"Rep. Tim Griffin wants us to work 'til we die," a protestor's sign said, and The Observer wondered what Rep. Griffin's response would be if he were there to see it. "At least!" he might say. He and the other Republican members of the Arkansas congressional delegation have not yet admitted error in their voting to end Medicare and privatize Social Security, and Griffin is famously hard-nosed.
But the Second District congressman was not there, outside the Federal Building on Capitol Avenue, nor any other members of the delegation. Over the years, some have kept offices in the building, but none does now. Sen. John Boozman's Little Rock office is just a few blocks farther west on Capitol, but it's in a private office building, and Boozman, though he supports the Republican plan, has not yet cast an official vote for it. Griffin and brother Reps. Rick Crawford and Steve Womack have.
So the protestors chose to gather at the Federal Building, on a warm weekday afternoon, to express their displeasure with the efforts to cripple two great federal social programs. "Social Security is the only income I have," the man carrying the anti-Griffin sign told The Observer. Many in the group of 30 or so were similarly situated, workers and former workers now unemployed because of age or disability or an economy that simply produces too few jobs. People who know that living on a Social Security check is difficult.
They waved signs at passing motorists — "Rich Play While We Pay," "Stop Corporate Genocide" — and they chanted "Hands Off Social Security" and "Hands Off Medicare." Many drivers honked in support.
Alan Hughes, president of the Arkansas AFL-CIO, led chants and spoke, saying that anyone, Republican or Democrat, who supported cuts in funding for Social Security and Medicare should be removed from office at the next election. A disabled bricklayer testified, his artificial leg clearly visible in the shorts he wore. A retired union member said that Republicans and conservatives had created a myth that Social Security is about to run out of money. The Social Security Fund will have $3.1 trillion as late as 2020, he said, and "very modest" changes in the system can keep it healthy much longer.
The Observer thought back to a meeting in Little Rock last summer, where Tea Party types, many of them on Social Security and Medicare, raged against a health care plan that would be to their own benefit. The protestors here at the Federal Building are notably clearer-headed, and more loyal to their class: middle- and low-income Arkansans. That happens to be the biggest class, too.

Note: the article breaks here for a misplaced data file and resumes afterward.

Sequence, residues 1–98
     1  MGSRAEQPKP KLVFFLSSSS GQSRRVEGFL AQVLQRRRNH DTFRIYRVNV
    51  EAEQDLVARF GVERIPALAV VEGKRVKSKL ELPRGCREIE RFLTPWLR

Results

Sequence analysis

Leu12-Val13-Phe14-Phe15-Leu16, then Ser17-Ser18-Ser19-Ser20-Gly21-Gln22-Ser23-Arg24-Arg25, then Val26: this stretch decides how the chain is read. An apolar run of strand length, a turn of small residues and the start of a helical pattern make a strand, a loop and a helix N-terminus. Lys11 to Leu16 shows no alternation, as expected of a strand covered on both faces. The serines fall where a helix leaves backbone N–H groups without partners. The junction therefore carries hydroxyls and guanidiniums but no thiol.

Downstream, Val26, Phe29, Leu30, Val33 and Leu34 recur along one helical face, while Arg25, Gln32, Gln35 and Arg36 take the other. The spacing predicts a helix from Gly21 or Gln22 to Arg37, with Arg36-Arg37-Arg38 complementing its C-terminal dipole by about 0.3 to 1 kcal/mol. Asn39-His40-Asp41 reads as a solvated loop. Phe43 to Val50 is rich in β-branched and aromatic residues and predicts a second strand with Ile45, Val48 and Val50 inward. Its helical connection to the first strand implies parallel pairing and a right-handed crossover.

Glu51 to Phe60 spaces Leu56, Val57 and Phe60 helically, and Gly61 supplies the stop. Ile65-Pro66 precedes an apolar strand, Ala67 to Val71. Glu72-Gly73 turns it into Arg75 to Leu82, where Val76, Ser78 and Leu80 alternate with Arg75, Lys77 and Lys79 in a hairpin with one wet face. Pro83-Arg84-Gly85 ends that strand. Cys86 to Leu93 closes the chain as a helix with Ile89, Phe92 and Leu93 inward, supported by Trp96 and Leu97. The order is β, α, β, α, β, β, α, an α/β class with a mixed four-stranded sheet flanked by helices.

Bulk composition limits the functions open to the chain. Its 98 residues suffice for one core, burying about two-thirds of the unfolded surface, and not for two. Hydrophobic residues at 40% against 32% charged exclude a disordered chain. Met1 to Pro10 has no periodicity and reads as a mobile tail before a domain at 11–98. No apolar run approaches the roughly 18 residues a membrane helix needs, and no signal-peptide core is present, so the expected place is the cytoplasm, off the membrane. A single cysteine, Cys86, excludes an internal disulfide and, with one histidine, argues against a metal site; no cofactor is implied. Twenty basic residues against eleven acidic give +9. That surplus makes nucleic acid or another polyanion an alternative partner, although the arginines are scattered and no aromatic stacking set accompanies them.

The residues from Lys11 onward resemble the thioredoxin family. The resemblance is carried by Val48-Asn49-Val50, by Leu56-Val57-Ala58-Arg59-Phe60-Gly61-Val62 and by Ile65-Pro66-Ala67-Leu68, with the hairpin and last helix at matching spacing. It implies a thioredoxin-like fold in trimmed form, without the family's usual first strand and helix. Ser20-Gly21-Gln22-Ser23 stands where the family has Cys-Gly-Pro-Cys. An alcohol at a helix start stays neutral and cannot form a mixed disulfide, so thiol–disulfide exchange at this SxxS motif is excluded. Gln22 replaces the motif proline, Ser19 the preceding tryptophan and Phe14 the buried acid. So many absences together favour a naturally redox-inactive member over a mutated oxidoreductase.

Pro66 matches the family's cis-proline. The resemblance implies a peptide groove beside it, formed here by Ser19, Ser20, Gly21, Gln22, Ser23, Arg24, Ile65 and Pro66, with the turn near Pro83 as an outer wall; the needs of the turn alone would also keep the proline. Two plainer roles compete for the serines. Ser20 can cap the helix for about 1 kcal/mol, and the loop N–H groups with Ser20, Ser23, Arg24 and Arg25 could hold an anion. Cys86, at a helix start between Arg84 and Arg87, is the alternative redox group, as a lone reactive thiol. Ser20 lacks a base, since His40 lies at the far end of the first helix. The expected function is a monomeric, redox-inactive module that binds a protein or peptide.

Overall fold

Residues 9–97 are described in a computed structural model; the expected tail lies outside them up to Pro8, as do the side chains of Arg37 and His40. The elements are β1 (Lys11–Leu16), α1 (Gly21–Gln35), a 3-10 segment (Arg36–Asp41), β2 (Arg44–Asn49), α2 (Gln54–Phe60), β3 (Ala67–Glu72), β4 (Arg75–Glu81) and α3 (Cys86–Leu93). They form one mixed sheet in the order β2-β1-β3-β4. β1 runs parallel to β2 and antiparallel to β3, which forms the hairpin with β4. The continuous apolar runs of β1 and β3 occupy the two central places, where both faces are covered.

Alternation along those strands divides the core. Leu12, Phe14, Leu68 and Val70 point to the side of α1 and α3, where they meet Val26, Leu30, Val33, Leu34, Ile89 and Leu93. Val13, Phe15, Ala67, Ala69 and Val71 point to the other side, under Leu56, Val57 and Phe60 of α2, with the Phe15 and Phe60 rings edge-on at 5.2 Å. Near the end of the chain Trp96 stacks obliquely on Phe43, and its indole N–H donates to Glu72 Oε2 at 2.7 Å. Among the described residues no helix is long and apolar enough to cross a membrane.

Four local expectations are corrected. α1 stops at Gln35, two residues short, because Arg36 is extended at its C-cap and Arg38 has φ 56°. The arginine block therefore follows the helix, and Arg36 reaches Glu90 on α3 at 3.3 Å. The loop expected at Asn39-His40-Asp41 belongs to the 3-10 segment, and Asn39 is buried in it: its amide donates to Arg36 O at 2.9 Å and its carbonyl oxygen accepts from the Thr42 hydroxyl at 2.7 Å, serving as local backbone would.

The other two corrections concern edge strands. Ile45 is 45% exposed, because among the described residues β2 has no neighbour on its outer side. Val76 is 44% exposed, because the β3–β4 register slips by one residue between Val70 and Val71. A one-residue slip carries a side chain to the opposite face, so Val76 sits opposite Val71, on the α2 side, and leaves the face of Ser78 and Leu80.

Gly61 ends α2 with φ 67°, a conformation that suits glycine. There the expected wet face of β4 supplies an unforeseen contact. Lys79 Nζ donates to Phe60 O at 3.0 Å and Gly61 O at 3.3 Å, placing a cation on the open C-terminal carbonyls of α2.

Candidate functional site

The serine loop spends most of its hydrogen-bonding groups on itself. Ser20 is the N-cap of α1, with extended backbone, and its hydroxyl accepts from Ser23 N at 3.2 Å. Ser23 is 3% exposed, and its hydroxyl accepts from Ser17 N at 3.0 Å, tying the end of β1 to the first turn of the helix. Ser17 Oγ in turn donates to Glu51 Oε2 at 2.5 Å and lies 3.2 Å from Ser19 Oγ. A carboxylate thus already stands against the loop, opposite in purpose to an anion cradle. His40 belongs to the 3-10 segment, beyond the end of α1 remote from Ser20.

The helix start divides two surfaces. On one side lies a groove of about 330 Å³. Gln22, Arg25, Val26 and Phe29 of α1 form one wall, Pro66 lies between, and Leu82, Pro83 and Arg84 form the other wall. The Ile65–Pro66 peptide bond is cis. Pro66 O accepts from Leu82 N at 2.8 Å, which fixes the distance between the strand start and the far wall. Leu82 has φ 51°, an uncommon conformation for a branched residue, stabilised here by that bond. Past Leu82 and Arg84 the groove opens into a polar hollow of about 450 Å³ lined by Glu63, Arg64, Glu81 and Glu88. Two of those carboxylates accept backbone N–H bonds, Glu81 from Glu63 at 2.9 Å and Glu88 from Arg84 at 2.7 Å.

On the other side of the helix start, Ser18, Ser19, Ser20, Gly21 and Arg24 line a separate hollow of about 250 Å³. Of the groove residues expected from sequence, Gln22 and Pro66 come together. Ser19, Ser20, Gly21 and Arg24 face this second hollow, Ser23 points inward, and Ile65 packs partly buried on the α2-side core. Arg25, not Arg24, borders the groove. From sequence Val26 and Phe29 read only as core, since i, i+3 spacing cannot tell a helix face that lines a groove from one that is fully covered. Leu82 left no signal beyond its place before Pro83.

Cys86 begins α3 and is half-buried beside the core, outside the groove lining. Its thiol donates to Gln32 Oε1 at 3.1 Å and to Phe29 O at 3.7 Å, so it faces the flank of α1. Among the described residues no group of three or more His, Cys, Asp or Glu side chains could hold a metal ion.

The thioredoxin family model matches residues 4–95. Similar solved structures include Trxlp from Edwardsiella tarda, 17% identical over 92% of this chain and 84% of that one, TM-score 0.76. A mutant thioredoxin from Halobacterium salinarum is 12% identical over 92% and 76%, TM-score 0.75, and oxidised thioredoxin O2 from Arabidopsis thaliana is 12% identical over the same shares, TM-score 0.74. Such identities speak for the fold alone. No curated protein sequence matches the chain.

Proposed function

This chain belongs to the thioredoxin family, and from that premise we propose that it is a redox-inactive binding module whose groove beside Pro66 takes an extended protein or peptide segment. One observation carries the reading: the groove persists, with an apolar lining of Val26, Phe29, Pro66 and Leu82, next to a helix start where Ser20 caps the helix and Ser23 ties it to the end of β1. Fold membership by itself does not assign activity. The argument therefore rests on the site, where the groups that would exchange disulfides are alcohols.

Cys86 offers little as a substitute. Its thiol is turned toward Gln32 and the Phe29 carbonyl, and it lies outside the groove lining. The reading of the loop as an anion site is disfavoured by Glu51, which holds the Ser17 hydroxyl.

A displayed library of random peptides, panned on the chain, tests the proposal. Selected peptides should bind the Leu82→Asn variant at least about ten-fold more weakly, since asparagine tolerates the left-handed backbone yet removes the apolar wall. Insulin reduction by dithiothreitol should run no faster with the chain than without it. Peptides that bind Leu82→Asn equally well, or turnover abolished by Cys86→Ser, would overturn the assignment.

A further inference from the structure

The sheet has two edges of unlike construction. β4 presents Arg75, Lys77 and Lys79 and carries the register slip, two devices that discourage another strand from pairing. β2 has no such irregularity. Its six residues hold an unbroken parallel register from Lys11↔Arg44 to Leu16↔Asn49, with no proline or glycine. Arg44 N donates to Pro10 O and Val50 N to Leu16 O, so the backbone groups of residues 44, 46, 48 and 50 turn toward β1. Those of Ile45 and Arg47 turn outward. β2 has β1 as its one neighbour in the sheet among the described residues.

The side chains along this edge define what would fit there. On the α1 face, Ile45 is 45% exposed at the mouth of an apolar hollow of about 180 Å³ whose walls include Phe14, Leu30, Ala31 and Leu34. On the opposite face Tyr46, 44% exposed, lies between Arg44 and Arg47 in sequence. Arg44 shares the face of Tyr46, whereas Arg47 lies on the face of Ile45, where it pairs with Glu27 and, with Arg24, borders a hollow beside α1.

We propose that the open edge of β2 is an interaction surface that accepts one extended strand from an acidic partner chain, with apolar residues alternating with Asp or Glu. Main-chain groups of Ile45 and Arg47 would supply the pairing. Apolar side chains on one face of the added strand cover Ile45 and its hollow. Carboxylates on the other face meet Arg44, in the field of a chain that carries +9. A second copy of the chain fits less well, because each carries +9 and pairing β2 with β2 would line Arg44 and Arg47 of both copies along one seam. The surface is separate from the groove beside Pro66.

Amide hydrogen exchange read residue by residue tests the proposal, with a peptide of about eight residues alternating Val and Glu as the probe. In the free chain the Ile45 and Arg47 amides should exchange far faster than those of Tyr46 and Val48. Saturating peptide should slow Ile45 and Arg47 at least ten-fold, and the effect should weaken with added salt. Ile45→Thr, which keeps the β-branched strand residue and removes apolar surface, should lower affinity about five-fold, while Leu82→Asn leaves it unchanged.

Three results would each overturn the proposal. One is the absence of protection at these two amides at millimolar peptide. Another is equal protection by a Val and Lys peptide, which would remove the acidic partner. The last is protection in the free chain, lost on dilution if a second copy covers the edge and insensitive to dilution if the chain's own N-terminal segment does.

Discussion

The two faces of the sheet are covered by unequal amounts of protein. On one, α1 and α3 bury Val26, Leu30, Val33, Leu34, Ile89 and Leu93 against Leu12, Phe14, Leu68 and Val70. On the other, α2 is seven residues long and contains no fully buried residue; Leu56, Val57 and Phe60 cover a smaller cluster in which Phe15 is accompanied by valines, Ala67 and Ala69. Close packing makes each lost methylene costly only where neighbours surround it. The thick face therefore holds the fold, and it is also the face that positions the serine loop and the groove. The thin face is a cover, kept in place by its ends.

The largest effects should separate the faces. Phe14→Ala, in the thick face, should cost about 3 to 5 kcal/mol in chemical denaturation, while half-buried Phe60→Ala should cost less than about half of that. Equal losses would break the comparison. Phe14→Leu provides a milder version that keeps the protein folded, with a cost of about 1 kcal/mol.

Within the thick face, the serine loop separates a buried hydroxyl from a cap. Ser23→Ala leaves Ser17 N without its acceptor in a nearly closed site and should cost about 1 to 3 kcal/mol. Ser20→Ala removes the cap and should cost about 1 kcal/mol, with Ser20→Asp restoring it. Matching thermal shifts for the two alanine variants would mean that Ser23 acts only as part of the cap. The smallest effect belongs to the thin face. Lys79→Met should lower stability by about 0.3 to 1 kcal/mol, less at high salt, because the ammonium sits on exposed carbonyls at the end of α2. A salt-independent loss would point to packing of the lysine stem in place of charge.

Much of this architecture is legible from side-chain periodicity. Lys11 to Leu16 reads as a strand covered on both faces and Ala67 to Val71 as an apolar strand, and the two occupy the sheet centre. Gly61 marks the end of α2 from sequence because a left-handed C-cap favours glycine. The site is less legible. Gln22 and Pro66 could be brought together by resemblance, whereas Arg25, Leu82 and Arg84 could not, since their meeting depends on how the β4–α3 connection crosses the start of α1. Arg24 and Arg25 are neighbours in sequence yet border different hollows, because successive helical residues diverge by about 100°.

The iris is to The Observer as Beauty to the Beast, and so we made our annual trip to the state Capitol grounds to look at the iris in bloom. We arrived at about the same time as a group of Iris Club members who tend to the Capitol's flowers.
The iris were splendid, as always, flaunting their countless shades and combinations of purple and yellow and orange and white. The club ladies talked as they snipped and pulled: "I don't like that Polish Princess." "I love that Free and Easy." One found a misidentified specimen: "That is not Raspberry Rhapsody."
The Observer discovered the Capitol iris years ago, when we were stationed at the Capitol by a great newspaper, and we've continued to visit them since. Actually, we believe now, our interest in iris began in our childhood, piqued by the beds at the family home. But young boys try to suppress feelings for flowers.
Even now, The Observer is a little sensitive about it. When one of the ladies suggested we attend the Central Arkansas Iris Society's annual show later that day, our first response was that we had to go to the ranch and keep rustlers away from the herd. But a few hours later, there we were at Hillcrest Hall, attending our first iris show. A significant corner has been turned, we thought.
The iris here were, if anything, even grander than at the Capitol, there were more varieties, and many of them had ribbons for first, second or third place in their various categories. One of the ladies from the Capitol explained to The Observer what the judges look for. It's not just the prettiest flower that wins.
All these fabulous colors on display, and yet The Observer suddenly realized that he didn't see a red anywhere. There is no red iris, a lady explained. People have tried to produce one for years, research has been done, some slightly reddish tones have emerged. But an iris as red as a geranium? Not in the foreseeable future.
"I don't miss it," she said.